Another area that just seems petty is Beale’s constant harping on the lack of footnotes. He has a point, Enns could have footnoted more. Enns responded that he was trying to write a book primarily for a lay audience. So while it is worthwhile for Beale to say he made an editorial mistake by not footnoting more it that does not actually make much of a different to the argument that Enns is trying to make. (And certainly there was not a need to repeatedly bring it up over and over and over and over.)
Beale also seems to be arguing against the very idea of intellectual paradigms. He asserts that because Babylon and Egypt had a concept of mathematics and astronomy they were not as far apart from a modern understanding of science and history as what Enns suggest. The problem is that again, Beale is misunderstanding the argument, in fact the entire purpose of Enns early part of I & I. Enns is suggesting that what was being conveyed by especially Genesis 1-11 (but possibly other passages as well) is that Israel was a part of early ANE culture. So it was a way of the myths of creation and the flood from other cultures around them, and as part God’s inspiration, the writers used these stories to communicate that God was a different type of God than the God’s around them.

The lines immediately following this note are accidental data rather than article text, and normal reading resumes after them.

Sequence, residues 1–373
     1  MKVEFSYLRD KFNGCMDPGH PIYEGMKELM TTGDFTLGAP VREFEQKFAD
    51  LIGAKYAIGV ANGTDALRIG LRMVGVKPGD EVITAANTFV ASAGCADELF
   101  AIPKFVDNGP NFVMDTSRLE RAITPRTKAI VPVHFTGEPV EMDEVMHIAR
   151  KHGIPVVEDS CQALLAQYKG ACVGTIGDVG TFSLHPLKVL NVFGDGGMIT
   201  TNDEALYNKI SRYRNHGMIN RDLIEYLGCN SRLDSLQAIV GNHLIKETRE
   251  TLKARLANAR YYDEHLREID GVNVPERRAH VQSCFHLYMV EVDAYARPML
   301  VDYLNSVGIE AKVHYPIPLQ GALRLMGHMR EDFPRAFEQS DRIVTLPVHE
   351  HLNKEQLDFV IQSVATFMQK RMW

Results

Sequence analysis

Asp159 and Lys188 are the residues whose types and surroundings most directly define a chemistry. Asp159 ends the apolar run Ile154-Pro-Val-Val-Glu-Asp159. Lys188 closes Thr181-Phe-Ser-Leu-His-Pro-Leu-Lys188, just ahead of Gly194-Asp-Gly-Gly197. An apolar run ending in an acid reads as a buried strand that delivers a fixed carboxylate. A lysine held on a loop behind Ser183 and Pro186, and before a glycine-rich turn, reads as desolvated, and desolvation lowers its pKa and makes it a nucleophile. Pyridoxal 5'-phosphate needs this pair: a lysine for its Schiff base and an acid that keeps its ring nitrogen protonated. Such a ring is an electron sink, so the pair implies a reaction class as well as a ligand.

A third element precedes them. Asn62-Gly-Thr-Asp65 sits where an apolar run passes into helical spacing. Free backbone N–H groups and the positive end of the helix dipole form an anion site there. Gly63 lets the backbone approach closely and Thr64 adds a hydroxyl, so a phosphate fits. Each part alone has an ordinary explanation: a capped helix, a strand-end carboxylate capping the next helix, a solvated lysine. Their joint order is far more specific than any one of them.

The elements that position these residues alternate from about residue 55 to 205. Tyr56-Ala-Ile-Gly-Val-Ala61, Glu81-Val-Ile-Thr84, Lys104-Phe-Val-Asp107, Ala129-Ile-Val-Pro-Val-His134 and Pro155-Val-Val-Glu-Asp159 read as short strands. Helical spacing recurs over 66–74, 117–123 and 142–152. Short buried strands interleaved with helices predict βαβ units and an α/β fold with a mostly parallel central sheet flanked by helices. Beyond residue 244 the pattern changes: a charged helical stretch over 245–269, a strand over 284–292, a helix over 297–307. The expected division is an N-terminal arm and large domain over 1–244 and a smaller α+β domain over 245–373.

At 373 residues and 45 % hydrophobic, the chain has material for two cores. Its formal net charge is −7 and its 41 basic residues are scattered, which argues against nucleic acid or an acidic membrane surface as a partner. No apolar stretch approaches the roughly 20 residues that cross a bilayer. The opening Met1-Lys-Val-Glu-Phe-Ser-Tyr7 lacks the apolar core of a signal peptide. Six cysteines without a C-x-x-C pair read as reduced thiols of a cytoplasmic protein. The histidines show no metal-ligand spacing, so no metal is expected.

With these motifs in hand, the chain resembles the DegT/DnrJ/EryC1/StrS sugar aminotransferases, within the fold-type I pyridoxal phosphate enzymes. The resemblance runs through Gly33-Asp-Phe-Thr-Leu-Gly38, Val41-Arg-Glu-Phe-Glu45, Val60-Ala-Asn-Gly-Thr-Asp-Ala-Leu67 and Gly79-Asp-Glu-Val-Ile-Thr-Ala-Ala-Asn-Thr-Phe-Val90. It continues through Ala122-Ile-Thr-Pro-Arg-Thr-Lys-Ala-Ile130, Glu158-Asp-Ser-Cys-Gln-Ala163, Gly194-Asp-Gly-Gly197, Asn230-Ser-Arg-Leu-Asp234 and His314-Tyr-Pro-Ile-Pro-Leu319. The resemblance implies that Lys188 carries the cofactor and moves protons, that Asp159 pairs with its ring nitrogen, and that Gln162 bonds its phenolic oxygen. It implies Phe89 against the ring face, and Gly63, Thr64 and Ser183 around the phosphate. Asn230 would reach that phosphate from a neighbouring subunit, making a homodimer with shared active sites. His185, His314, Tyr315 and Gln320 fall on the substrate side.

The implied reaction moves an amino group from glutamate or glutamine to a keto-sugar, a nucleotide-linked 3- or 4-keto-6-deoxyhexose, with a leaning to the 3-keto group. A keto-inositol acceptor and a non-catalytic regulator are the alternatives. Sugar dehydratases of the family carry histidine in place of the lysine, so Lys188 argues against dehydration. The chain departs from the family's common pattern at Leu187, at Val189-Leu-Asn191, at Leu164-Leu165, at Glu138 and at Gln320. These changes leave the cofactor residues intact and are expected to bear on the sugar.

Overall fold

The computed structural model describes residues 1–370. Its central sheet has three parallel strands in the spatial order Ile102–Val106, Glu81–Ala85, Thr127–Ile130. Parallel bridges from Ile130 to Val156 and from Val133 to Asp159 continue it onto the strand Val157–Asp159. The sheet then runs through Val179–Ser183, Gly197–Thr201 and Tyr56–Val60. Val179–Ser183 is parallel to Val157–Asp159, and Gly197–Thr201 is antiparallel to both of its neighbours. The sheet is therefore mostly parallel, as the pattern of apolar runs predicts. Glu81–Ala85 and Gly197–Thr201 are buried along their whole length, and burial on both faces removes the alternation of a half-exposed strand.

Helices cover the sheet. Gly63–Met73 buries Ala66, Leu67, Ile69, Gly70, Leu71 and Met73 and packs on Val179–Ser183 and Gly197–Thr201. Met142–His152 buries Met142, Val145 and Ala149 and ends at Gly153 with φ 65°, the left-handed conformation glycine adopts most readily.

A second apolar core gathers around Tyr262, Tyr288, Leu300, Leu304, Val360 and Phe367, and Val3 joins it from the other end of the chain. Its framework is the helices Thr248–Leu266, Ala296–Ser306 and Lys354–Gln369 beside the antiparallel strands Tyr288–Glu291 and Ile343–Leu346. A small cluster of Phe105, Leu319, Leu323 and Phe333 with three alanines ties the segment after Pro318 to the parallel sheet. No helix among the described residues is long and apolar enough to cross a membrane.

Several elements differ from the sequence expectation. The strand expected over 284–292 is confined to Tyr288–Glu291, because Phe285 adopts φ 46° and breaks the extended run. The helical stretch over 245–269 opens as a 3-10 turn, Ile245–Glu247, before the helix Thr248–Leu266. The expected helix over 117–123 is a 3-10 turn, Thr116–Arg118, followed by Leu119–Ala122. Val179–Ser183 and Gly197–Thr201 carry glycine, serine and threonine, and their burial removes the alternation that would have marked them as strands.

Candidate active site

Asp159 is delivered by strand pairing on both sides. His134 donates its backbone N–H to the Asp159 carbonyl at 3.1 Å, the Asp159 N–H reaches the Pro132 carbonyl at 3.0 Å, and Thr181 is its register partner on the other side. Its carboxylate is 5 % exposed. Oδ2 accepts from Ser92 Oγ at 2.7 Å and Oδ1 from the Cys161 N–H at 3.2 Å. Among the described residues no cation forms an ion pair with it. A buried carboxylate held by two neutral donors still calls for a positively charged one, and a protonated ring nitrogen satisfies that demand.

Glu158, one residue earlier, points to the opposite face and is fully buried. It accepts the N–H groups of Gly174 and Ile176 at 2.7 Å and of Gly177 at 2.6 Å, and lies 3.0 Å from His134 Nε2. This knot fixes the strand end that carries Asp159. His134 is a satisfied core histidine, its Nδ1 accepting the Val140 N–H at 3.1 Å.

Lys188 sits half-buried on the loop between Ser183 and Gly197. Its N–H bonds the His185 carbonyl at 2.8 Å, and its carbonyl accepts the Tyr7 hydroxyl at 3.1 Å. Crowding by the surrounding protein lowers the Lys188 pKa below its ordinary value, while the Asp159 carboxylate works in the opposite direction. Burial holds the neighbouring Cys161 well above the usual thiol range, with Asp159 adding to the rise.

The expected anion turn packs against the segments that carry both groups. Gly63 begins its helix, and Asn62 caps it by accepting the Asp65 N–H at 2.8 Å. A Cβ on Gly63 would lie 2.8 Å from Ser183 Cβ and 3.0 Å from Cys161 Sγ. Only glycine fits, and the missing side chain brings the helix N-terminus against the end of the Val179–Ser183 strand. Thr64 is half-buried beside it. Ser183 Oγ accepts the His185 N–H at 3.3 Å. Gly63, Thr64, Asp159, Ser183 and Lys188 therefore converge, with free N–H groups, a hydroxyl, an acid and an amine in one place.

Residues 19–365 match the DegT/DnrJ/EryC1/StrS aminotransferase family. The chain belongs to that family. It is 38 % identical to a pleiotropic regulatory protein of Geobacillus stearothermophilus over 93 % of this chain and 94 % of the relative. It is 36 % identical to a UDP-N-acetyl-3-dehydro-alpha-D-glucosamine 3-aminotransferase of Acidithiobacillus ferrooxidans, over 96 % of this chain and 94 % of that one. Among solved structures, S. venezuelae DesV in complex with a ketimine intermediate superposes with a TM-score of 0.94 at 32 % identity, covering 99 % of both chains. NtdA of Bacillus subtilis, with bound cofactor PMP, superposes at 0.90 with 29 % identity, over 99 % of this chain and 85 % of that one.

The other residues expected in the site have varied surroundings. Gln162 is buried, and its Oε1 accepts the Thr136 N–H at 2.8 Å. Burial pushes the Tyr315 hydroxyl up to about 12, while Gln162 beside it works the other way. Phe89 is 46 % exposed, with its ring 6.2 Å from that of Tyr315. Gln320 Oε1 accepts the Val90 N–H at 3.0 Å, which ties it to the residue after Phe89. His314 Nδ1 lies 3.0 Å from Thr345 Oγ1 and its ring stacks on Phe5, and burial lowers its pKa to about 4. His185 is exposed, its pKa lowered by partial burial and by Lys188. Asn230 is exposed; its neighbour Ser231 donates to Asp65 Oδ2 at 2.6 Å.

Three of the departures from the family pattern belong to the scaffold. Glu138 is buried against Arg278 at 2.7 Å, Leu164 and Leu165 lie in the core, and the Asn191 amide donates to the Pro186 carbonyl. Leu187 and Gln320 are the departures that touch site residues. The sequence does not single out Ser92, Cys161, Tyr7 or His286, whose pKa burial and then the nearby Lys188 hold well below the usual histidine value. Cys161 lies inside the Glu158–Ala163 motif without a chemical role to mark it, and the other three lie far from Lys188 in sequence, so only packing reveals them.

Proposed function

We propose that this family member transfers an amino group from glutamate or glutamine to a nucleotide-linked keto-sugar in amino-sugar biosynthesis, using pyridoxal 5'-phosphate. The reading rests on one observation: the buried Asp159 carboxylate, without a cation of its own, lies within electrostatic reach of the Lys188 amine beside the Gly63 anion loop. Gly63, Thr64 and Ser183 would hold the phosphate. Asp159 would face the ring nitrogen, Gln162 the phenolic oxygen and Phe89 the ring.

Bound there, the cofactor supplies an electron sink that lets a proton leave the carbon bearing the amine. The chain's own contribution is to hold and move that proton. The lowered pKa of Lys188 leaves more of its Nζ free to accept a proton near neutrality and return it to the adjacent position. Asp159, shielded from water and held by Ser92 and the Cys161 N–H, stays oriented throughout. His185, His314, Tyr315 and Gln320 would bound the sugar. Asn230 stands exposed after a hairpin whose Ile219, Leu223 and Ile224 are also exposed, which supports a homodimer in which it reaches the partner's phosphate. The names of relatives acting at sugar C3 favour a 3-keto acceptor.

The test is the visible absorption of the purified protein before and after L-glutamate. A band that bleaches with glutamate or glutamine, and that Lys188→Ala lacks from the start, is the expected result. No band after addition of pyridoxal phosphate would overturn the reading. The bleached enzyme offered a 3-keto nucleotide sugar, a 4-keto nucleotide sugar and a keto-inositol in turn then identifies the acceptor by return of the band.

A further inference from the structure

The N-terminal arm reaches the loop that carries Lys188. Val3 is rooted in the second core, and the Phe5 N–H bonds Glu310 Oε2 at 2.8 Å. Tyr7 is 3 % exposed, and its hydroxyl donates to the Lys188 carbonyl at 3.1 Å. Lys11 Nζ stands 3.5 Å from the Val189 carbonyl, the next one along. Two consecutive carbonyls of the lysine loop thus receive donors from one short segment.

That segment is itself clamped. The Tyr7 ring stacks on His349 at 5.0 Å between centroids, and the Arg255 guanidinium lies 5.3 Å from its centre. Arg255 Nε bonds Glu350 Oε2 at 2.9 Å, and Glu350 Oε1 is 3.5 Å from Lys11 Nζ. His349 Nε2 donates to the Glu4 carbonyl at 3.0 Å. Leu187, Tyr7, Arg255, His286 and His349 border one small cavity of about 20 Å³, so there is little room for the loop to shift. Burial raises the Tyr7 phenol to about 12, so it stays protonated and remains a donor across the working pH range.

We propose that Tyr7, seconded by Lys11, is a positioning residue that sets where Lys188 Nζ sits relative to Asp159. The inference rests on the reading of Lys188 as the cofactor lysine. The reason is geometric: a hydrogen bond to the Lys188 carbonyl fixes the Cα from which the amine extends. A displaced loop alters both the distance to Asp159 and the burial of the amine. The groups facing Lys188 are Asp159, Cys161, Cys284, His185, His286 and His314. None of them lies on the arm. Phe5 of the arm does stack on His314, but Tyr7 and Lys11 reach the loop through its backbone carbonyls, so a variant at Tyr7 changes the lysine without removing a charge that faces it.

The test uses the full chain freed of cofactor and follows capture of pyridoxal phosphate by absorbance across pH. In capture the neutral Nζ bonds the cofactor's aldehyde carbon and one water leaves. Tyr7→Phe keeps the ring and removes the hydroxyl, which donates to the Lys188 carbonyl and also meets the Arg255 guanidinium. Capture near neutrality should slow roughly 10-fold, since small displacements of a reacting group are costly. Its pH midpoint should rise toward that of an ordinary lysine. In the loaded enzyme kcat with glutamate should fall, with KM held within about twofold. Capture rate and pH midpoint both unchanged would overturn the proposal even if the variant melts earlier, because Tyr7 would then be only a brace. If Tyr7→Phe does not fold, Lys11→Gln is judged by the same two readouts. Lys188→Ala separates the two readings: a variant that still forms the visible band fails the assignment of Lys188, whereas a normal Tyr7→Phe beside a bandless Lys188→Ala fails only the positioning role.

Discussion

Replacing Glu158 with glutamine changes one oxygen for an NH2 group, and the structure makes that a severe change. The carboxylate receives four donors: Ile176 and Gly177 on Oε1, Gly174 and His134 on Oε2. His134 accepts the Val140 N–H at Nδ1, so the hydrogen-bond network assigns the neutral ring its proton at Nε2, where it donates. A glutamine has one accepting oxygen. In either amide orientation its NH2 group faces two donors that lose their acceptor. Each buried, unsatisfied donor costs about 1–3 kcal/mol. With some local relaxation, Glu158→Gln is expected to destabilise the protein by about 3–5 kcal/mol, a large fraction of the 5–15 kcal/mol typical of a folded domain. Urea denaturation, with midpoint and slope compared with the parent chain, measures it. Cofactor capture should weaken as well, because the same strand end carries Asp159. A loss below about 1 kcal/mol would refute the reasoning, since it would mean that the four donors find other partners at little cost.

Beale’s argument about how close the people of ANE are to today’s culture would seem to suggest that we can find other stories of creation around the time of the original writing of Genesis 1-11 and they would be history-focused in a way that understood as history by modern readers. If not then Beale would seem to be suggesting that it is only through God’s Inspiration that the writers could write accurate history. If that is the argument I would listen to it. But again, Beale does not make that argument, he just suggests that Enns is wrong for asserting that the ANE cultures had a different understanding of the purpose of what Genesis 1-11 is than what some modern Evangelical Christians want to understand.